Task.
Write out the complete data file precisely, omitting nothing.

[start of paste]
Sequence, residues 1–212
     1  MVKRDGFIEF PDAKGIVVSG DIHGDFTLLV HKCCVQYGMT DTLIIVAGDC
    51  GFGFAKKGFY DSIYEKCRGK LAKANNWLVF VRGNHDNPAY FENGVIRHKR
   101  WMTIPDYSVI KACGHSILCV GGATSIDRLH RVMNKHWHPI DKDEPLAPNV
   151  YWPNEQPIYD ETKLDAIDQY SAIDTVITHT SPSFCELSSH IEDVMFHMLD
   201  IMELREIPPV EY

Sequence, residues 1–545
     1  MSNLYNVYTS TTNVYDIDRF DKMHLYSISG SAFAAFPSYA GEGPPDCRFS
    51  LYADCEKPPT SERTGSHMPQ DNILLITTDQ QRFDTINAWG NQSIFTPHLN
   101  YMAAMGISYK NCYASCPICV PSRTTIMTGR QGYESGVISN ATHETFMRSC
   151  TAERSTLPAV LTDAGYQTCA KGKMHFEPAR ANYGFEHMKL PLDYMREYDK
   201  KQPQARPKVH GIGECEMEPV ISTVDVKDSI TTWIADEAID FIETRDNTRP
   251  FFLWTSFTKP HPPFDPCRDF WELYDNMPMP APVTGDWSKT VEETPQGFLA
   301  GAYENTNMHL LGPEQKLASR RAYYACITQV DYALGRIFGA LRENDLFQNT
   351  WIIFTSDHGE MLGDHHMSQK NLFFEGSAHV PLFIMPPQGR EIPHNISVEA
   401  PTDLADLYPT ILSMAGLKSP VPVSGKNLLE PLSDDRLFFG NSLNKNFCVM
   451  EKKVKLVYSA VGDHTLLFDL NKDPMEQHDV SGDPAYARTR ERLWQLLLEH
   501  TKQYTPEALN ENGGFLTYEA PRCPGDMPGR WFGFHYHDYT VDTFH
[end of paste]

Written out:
Sequence, residues 1–212
     1  MVKRDGFIEF PDAKGIVVSG DIHGDFTLLV HKCCVQYGMT DTLIIVAGDC
    51  GFGFAKKGFY DSIYEKCRGK LAKANNWLVF VRGNHDNPAY FENGVIRHKR
   101  WMTIPDYSVI KACGHSILCV GGATSIDRLH RVMNKHWHPI DKDEPLAPNV
   151  YWPNEQPIYD ETKLDAIDQY SAIDTVITHT SPSFCELSSH IEDVMFHMLD
   201  IMELREIPPV EY

Sequence, residues 1–545
     1  MSNLYNVYTS TTNVYDIDRF DKMHLYSISG SAFAAFPSYA GEGPPDCRFS
    51  LYADCEKPPT SERTGSHMPQ DNILLITTDQ QRFDTINAWG NQSIFTPHLN
   101  YMAAMGISYK NCYASCPICV PSRTTIMTGR QGYESGVISN ATHETFMRSC
   151  TAERSTLPAV LTDAGYQTCA KGKMHFEPAR ANYGFEHMKL PLDYMREYDK
   201  KQPQARPKVH GIGECEMEPV ISTVDVKDSI TTWIADEAID FIETRDNTRP
   251  FFLWTSFTKP HPPFDPCRDF WELYDNMPMP APVTGDWSKT VEETPQGFLA
   301  GAYENTNMHL LGPEQKLASR RAYYACITQV DYALGRIFGA LRENDLFQNT
   351  WIIFTSDHGE MLGDHHMSQK NLFFEGSAHV PLFIMPPQGR EIPHNISVEA
   401  PTDLADLYPT ILSMAGLKSP VPVSGKNLLE PLSDDRLFFG NSLNKNFCVM
   451  EKKVKLVYSA VGDHTLLFDL NKDPMEQHDV SGDPAYARTR ERLWQLLLEH
   501  TKQYTPEALN ENGGFLTYEA PRCPGDMPGR WFGFHYHDYT VDTFH